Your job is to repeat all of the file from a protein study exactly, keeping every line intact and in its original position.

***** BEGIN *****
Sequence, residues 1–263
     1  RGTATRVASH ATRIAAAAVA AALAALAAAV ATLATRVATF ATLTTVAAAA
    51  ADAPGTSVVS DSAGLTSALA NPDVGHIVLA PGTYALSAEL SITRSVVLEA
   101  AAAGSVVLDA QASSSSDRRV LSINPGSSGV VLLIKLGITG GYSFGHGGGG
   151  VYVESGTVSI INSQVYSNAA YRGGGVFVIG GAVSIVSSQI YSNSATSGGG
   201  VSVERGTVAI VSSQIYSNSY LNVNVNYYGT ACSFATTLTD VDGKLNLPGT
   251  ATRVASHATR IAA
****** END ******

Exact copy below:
Sequence, residues 1–263
     1  RGTATRVASH ATRIAAAAVA AALAALAAAV ATLATRVATF ATLTTVAAAA
    51  ADAPGTSVVS DSAGLTSALA NPDVGHIVLA PGTYALSAEL SITRSVVLEA
   101  AAAGSVVLDA QASSSSDRRV LSINPGSSGV VLLIKLGITG GYSFGHGGGG
   151  VYVESGTVSI INSQVYSNAA YRGGGVFVIG GAVSIVSSQI YSNSATSGGG
   201  VSVERGTVAI VSSQIYSNSY LNVNVNYYGT ACSFATTLTD VDGKLNLPGT
   251  ATRVASHATR IAA